Interstate Highway Act

(1956)

Context

The 1950s were a time of nuclear families, suburbia, television, the cold war, the baby boom, and rock-and-roll music. Not since the 1920s had the United States experienced such a marked growth in the economy. With the end of World War II, soldiers and sailors returned home to take advantage of the GI Bill, which provided money for veterans to attend college. Returning military personnel also settled down and started families, creating the baby boom, a period of increasing birth rates. In 1954 alone over four million babies were born in the United States.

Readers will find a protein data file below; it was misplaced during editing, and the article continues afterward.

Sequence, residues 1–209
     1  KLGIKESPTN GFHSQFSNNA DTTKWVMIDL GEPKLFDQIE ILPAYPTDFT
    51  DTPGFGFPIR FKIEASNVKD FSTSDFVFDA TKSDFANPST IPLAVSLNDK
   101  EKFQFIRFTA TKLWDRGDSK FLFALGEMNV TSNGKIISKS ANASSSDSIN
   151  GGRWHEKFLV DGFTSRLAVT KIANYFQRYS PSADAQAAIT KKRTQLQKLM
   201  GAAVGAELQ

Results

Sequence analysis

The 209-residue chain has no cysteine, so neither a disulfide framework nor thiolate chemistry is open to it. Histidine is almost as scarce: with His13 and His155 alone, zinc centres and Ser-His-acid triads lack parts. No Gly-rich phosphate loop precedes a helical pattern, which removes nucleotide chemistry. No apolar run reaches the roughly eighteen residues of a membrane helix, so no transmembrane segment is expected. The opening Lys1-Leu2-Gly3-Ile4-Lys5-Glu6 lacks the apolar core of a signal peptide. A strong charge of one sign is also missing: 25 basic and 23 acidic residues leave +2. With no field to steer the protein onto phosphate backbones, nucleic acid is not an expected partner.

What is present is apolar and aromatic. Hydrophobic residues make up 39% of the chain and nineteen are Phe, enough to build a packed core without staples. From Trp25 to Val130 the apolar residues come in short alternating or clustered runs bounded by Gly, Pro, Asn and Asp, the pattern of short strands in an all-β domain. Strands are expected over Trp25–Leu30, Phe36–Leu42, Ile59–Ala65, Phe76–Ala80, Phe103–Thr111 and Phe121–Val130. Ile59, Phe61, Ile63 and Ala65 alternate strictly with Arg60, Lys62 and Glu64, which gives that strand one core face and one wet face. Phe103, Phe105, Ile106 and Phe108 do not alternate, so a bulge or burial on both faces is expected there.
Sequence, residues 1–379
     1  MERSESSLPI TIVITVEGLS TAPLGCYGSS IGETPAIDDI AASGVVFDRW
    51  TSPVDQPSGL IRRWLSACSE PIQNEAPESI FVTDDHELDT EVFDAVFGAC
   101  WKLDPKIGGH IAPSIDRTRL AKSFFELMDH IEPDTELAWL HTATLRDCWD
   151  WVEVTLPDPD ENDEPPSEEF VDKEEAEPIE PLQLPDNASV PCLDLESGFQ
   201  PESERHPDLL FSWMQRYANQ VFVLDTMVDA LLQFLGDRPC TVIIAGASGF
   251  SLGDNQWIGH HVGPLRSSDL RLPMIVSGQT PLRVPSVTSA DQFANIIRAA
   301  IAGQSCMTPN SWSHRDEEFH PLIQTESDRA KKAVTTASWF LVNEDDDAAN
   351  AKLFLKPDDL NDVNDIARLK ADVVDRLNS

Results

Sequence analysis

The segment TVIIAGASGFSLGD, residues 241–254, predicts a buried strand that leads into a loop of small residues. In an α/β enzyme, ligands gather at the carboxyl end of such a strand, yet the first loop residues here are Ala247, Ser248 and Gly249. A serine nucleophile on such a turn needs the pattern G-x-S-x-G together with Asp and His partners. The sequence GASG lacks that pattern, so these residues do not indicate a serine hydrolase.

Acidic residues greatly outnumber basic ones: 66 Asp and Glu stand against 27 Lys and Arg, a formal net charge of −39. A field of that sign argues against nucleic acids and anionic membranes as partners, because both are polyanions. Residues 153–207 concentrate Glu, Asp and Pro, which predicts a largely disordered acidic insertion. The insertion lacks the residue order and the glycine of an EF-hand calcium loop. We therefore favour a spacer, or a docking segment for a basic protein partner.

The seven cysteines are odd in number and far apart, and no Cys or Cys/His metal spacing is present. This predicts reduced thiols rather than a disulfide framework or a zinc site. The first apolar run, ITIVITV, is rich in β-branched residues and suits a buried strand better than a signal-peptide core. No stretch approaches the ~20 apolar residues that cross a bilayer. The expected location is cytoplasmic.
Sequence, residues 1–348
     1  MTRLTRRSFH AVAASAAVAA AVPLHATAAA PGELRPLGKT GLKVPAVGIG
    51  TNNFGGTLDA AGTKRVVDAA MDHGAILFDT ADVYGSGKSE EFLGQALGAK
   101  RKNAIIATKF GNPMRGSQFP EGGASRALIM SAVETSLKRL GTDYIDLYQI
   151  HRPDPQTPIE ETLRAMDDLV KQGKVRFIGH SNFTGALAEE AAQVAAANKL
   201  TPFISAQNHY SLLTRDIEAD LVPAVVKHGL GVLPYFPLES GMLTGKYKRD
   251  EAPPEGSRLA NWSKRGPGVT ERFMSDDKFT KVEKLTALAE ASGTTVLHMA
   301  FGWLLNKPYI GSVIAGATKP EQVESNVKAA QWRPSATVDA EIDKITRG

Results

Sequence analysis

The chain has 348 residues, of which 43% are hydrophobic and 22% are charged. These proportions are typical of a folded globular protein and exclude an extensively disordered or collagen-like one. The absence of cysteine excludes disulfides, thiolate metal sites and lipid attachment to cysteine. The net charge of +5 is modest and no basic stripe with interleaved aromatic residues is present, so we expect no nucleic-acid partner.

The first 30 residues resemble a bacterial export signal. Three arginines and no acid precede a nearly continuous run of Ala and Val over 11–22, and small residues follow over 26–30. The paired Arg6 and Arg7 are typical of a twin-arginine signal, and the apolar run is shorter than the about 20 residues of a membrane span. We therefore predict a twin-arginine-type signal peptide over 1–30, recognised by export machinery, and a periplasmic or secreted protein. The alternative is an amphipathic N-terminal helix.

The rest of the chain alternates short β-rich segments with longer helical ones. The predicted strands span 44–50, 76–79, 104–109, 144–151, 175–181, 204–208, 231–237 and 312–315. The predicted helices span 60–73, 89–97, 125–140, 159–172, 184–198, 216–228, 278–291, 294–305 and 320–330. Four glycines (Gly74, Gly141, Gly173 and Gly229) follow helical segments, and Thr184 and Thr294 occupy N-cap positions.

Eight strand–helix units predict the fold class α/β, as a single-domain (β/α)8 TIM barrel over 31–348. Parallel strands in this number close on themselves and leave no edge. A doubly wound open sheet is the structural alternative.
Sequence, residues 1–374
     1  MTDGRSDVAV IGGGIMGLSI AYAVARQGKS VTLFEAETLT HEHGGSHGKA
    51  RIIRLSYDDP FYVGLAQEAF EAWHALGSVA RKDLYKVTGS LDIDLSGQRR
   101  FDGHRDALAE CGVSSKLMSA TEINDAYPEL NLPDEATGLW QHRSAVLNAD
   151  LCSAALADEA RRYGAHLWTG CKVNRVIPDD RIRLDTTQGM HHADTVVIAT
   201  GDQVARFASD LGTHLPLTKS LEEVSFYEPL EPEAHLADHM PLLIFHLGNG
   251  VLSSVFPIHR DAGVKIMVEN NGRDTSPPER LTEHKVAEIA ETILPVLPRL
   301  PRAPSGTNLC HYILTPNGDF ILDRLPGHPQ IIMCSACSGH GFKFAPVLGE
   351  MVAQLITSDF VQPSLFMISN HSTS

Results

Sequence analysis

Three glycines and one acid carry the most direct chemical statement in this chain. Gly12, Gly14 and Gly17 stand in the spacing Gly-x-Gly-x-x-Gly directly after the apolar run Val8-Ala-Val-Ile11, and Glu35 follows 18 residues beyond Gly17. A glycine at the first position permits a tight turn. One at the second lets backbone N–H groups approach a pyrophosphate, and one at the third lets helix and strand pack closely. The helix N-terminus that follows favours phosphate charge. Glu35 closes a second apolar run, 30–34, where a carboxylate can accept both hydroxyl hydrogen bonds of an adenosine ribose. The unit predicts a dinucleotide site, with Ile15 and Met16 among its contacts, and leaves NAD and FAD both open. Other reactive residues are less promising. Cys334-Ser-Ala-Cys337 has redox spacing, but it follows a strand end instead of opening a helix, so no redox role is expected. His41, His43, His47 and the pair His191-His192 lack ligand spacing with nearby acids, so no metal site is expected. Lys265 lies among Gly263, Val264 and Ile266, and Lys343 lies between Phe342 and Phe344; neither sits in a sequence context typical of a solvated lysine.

As the economy and population grew, so did the number of car owners in America. The government had noticed a need for a regulated series of highways as early as 1916 and authorized $75 million dollars for new roads. State governments were supposed to match the funding dollar for dollar, but many could not. A similar bill passed again in 1921, and in 1938 the Senate rejected a bill that would have created toll roads....

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The Interstate Highway Act (National Archives and Records Administration)

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